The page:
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By Nick Wakeman

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Nick Wakeman

What does best value really mean?

As we’ve moved past the era of lowest price, technical acceptable contracting, the government has increasingly relied on best-value procurements.

But that hasn’t been a perfect solution because we’ve started to notice inconsistencies in the way best-value is implemented. Inconsistencies might be too strong a word, but you’ll get what I mean later.

LPTA was simple: from the pool of bidders that met the technical requirements, the bidder with the lowest price won. You might not like it, but it’s hard to win the argument. You are stuck with either saying the technical solution bid by your competitor isn’t good enough or that the price is unreasonable. Both are hard thresholds to clear.

But now we see some differences in how best value is applied. Two recent protest decisions highlight the issue for me.

One involves a $1 billion Veterans Affairs Department contract that went to Booz Allen Hamilton. They had the highest technical rating but also the highest evaluated price. GAO upheld the award to Booz Allen saying that VA could justify the premium it would pay Booz Allen. The premium was more than 20 percent.

The second contract is a protest of a $50 million Navy award to Science Applications International Corp. SAIC had a lower technical score and a lower price than Raytheon. But its competitor, Raytheon had higher technical scores and a higher price by 15.7 percent. Raytheon’s technical score was “Outstanding” with 23 strengths and one weakness, whereas SAIC was rated “Acceptable” with nine strengths and seven weaknesses.

But the Navy went with the lower priced SAIC and said the higher technical scores for Raytheon didn’t justify the higher price.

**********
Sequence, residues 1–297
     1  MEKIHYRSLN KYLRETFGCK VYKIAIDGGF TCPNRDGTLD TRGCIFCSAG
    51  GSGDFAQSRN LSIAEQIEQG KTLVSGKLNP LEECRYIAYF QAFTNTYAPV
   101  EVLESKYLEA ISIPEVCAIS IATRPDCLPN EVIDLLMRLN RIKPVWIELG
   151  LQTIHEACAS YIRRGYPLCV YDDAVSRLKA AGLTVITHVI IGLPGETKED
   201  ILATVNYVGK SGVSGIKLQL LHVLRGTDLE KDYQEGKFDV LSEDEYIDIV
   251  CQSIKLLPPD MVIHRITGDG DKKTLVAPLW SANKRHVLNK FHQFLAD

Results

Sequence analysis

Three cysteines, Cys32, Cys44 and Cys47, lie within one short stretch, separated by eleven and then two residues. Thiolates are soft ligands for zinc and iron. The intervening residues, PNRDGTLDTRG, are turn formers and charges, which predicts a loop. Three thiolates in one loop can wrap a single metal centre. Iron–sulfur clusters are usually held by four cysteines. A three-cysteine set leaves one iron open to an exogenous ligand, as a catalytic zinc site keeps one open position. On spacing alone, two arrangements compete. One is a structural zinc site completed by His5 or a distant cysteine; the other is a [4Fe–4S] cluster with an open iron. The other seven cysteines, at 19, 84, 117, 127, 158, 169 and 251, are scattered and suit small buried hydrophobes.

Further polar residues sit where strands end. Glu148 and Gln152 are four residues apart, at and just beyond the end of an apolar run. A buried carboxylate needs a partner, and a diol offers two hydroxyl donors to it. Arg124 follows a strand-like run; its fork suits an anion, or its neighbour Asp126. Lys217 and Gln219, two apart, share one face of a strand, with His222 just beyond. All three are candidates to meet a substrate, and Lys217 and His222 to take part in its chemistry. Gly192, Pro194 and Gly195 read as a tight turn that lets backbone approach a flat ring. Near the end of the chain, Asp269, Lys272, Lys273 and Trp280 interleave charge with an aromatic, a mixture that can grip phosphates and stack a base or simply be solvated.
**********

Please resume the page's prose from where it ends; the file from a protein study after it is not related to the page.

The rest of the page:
The solicitations for both the VA contract and the Navy contract said technical scores were more important than price. So paying a premium was in the mix.

Yet we have two contracts with completely opposite results.

GAO in its review of the contracts found that both the VA and the Navy could justify their decisions so the protests were denied.

I’m not sure what the answer is or whether there is anything that should be done, but it seems that the definition of “best value” can vary widely from one customer to the next.

The main lesson at this point remains to know your customer and understand what they want. You need to determine what their sensitivity to pricing is and mostly what best value means to them.

You also need to make sure that they understand the value that you bring to them, regardless of price, and why they may need to pay a premium to get that value.

And of course, once they decide to pay the premium, you had better deliver. Always deliver.

Posted by Nick Wakeman on Oct 15, 2019 at 11:20 AM


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